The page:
The risks of menopause and how to prevent them. In an interesting article published on the website of Novomed, Dr. Anna Sepiolo writes about the mistake in assuming that coronary heart disease (CHD), the number one killer worldwide, is commonly regarded as something that afflicts men rather than women.
CHD may occur later in women than in men on average, but it remains the biggest killer of women worldwide. As with any disease, awareness is your first layer of protection.
As a gynaecologist, Dr. Sepiolo is particularly interested in research that indicates an increase in the risk of CHD among women after the menopause. Numerous studies have revealed aspects of the menopause that are all linked to other proven CHD risk factors, such as blood pressure and cholesterol.
The links between menopause and heart disease
The risks of menopause and how to prevent them. ‘It’s important not to see the menopause as an affliction’, Dr. Sepiolo says. ‘It’s a natural phase of every woman’s life, the time when the finite number of ovarian follicles (from which an egg is released each month) runs out, and it occurs typically around the age of 50 to 52 years old. Rather like puberty, it brings lots of hormonal changes, notably a fall in the level of oestrogen – the ‘sex hormone’ that regulates the release of eggs.’
Oestrogen causes the inner layer of artery walls to relax, which in turn keeps blood vessels flexible. Thickened and stiff blood vessels are associated with many types of cardiovascular diseases (CVDs), including coronary artery disease (CAD) and heart attacks. Women with low oestrogen levels have a higher risk of CAD.
A fall in oestrogen causes a redistribution of body fat. The classic female body fat profile shifts from around the hips and thighs to around the abdomen. Abdominal fat sits inside the body and stops vital organs from working properly, increasing a person’s risk of all types of CVDs.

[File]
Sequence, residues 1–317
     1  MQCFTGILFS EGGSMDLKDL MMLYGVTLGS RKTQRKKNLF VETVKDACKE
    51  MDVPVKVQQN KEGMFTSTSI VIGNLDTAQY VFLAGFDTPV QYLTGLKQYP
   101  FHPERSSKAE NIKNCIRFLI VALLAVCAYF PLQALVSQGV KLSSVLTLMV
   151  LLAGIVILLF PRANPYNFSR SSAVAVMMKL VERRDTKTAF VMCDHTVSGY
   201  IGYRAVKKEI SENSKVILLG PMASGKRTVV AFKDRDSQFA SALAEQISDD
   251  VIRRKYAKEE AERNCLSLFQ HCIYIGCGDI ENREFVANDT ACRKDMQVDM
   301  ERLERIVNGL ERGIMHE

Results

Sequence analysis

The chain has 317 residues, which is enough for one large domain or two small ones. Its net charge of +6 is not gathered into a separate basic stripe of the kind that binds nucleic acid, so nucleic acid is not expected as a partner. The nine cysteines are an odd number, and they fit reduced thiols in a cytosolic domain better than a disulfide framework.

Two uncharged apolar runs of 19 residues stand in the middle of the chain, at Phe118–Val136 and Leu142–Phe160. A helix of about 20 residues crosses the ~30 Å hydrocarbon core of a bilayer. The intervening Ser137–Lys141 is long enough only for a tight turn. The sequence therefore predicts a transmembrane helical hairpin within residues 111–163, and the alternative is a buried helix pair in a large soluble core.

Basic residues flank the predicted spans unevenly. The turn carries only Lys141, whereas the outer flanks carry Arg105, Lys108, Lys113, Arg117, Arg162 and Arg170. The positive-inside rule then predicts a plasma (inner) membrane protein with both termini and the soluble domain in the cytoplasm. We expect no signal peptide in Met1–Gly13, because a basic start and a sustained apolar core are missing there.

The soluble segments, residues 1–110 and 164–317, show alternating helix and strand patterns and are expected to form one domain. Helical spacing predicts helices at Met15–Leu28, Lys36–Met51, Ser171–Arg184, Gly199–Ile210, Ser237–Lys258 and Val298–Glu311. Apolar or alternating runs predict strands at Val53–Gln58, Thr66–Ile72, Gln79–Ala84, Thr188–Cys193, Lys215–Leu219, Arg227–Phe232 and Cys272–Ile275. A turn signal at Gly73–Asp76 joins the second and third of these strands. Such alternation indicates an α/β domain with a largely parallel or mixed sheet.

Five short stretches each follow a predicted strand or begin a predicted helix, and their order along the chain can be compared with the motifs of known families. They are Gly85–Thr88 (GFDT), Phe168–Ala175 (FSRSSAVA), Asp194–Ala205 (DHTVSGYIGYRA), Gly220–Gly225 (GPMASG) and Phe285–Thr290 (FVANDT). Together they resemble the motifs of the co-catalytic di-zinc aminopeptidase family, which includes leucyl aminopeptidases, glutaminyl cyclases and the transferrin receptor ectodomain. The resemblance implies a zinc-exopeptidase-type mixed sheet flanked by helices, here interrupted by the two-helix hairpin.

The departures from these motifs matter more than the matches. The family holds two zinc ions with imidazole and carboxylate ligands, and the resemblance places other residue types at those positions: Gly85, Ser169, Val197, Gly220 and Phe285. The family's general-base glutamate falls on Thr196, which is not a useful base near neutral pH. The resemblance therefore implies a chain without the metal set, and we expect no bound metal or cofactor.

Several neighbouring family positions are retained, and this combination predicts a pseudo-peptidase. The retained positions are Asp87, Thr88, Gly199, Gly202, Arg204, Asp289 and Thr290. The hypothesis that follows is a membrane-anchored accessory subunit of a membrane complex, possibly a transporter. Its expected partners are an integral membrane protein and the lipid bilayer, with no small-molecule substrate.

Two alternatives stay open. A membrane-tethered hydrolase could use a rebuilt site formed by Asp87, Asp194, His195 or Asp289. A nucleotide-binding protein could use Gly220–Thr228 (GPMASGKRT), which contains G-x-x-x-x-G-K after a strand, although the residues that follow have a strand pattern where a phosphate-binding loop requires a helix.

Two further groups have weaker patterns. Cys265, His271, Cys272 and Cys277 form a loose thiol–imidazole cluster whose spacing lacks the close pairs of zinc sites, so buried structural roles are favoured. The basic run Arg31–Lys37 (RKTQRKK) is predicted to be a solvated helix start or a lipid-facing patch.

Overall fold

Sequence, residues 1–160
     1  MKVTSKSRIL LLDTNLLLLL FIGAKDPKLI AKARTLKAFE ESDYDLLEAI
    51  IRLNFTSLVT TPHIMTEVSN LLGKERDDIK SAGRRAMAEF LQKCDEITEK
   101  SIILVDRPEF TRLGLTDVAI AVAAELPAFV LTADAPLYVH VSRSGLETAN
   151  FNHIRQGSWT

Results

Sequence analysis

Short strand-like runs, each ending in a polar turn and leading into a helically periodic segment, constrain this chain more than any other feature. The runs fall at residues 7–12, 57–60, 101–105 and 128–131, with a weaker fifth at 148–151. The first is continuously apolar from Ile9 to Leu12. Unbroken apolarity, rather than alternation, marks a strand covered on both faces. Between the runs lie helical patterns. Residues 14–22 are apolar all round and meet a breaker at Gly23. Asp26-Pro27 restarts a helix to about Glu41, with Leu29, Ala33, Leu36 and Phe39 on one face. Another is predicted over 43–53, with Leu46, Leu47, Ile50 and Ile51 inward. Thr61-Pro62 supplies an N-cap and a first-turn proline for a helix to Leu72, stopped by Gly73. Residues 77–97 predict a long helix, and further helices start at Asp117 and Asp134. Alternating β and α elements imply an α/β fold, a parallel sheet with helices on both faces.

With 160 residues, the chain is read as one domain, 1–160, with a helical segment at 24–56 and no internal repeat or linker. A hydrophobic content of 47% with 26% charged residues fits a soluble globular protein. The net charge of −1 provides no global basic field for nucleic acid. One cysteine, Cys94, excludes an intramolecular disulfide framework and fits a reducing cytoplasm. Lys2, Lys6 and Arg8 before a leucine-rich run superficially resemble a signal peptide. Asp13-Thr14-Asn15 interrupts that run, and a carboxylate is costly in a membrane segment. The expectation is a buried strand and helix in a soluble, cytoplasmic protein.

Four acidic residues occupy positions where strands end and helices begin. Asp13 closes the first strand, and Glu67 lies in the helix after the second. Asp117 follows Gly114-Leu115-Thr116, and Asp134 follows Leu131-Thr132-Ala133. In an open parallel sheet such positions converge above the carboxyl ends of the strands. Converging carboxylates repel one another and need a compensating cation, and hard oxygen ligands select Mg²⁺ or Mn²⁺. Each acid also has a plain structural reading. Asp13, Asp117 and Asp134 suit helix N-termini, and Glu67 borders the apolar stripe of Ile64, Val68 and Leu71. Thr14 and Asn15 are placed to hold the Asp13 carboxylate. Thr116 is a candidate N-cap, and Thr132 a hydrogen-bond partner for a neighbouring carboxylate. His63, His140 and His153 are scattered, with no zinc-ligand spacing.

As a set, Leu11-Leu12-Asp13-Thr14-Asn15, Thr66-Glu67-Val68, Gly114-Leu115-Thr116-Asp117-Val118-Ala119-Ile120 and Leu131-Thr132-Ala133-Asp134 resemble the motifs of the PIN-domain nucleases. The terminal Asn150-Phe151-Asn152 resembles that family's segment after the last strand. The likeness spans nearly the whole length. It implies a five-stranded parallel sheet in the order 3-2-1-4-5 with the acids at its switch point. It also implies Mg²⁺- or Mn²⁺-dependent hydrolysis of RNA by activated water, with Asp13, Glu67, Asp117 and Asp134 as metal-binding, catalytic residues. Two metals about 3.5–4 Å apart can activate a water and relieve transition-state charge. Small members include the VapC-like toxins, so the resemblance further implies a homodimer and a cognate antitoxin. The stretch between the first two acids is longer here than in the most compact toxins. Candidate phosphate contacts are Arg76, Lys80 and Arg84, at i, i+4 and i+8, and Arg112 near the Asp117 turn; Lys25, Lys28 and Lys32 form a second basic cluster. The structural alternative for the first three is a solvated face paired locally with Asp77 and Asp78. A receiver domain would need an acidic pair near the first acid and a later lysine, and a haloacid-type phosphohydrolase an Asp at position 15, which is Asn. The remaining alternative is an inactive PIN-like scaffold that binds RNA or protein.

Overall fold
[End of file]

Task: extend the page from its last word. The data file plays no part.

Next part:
Blood cholesterol levels have also been shown to change as a result of hormonal changes during menopause. Menopause lowers ‘good’ cholesterol levels and raises ‘bad’ cholesterol’s, causing plaque build-up in your arteries, resulting in the dangerous thickening of blood vessel walls.
How to build up your resistance to heart disease
The risks of menopause and how to prevent them. These are just a few examples of known CHD risk factors that have been shown to be affected by the decline in oestrogen during menopause. Other chronic factors, such as poor diet and lifestyle also contribute to your risk of declining heart health. This may create the impression that your life is being threatened on numerous fronts, but there is plenty you can do to fight back.
Firstly, you can minimise the hormonal changes by topping up your oestrogen levels with hormone replacement therapy (HRT). This is not without risks. However, the risk of these events is usually very small. It is best to speak with your primary physician before starting HRT, and discuss bioidenticals, which are more predictable with fewer side effects than traditional HRT.
‘With menopause bringing a rise in ‘bad’ cholesterol and fall in ‘good’ cholesterol, you can tip the scales back in your favour by adjusting your diet. Cholesterol friendly chemicals called plant sterols and stanols are naturally found in many foods, including nuts, seeds, oily fish, fruits, and vegetables.’ Dr. Sepiolo explains.
‘Adding heart-friendly foods to your diet is one side of the bargain; the other is removing those foods that encourage weight gain or an increase in cholesterol, specifically high-calorie sugary processed foods and saturated fats. Drinking alcohol and smoking are also proven contributory factors in the risk of developing CVD, so cut down on your alcohol intake and ditch the cigarettes as part of your heart healthy lifestyle.‘
One of the best things you can do to reduce your risk of hear disease is physically exercise on a regular basis. Menopausal women can burn off abdominal fat and lower their blood pressure by exercising.
Supplements, like omega 3 supplements for example, have been found by numerous studies to significantly reduce cardiovascular events and deaths, but don’t start taking them without seeing your primary physician, please.
Take charge of your own menopausal health
There is a clear link between the menopause and heart diseases, but that doesn’t mean it’s inevitable. If you eat healthy, exercise regularly and avoid unhealthy habits like smoking and eating junk food you’ll be fine!
The most important thing to do is not to worry. Use this knowledge as an opportunity to change your lifestyle to keep heart disease at bay. Use your menopause as an excuse to get in better shape!
And why shouldn’t you start today? At Hercules Academy we know how to help you and your company in achieving a healthy lifestyle. You can find more about our workshops HERE. Are you interested? Please don’t hesitate to contact us on email@example.com .